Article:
Project Lead(s): Alexandre Brolo
Dengue fever is a tropical disease transmitted by the female of the Aedes Aegypti mosquito, which infects between 50 to 500 million people every year.
Since the early symptoms of the disease are similar to a common flu, a quick diagnostic method is required for rapid identification and immediate treatment implementation.
The goal of this project was to develop a low-cost plastic strip sensor capable of detecting dengue colourimetrically from the saliva of infected individuals.
The principle of operation of the dengue sensor is based on surface plasmon resonance from metallic nanostructures. Surface plasmons are surface waves generated by the excitation of free electrons in a metal by an optical field. The characteristics of these surface waves can be altered by the adsorption of species at the surface of the nanostructures
In another words, the colour of the device changes when certain molecules are adsorbed at the sensor surface.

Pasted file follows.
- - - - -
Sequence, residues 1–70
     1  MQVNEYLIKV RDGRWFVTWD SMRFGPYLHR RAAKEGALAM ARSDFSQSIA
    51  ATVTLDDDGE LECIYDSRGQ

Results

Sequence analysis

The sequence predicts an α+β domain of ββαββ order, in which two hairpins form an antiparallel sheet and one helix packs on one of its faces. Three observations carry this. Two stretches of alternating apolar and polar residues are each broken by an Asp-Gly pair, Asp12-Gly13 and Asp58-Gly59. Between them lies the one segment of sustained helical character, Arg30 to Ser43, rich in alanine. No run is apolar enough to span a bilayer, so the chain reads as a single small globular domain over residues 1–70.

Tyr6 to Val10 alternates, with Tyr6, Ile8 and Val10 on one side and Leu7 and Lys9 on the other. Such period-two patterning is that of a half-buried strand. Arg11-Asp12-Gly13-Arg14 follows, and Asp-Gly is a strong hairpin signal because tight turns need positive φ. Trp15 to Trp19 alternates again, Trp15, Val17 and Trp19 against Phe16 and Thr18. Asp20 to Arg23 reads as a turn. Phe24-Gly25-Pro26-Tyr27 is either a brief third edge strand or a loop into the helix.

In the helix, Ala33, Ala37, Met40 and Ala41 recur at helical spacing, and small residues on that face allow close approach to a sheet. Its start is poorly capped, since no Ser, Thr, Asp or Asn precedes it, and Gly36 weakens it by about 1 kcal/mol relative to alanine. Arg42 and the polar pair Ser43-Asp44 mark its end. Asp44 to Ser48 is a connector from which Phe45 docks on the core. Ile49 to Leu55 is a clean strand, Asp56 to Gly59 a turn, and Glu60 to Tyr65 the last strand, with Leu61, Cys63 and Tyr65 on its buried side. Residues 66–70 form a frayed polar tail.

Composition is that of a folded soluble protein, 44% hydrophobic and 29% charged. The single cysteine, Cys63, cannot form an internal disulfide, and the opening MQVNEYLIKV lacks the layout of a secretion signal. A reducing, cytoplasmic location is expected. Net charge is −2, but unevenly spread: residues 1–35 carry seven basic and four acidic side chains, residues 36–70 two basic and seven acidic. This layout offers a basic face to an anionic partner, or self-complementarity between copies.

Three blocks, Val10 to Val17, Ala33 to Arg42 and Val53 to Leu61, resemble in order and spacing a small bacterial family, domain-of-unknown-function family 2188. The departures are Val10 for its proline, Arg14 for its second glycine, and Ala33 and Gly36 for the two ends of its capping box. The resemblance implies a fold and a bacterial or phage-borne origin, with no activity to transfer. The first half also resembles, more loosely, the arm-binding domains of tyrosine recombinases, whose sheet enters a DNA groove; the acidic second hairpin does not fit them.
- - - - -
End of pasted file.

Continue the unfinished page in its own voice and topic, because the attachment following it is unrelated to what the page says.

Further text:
Two types of dengue-related proteins were targeted in this project: NS1 protein, which is part of the structure of the virus capsid, and the dengue immunoglobulin M (IgM) protein.
A significant amount of optimization was carried out to determine the proper surface TBA DengueAg Saliva test.
The fabrication method developed can be scaled up and is on track to reach the target cost of less than $1 per strip.
The optical measurement system was also implemented.
Testing of the strips was realized in several steps, culminating with applications to real samples from infected patients.
Although the final result was not totally successful, the project team has a clear sense of what needs to be improved.
Knowledge of this project has been disseminated in conferences.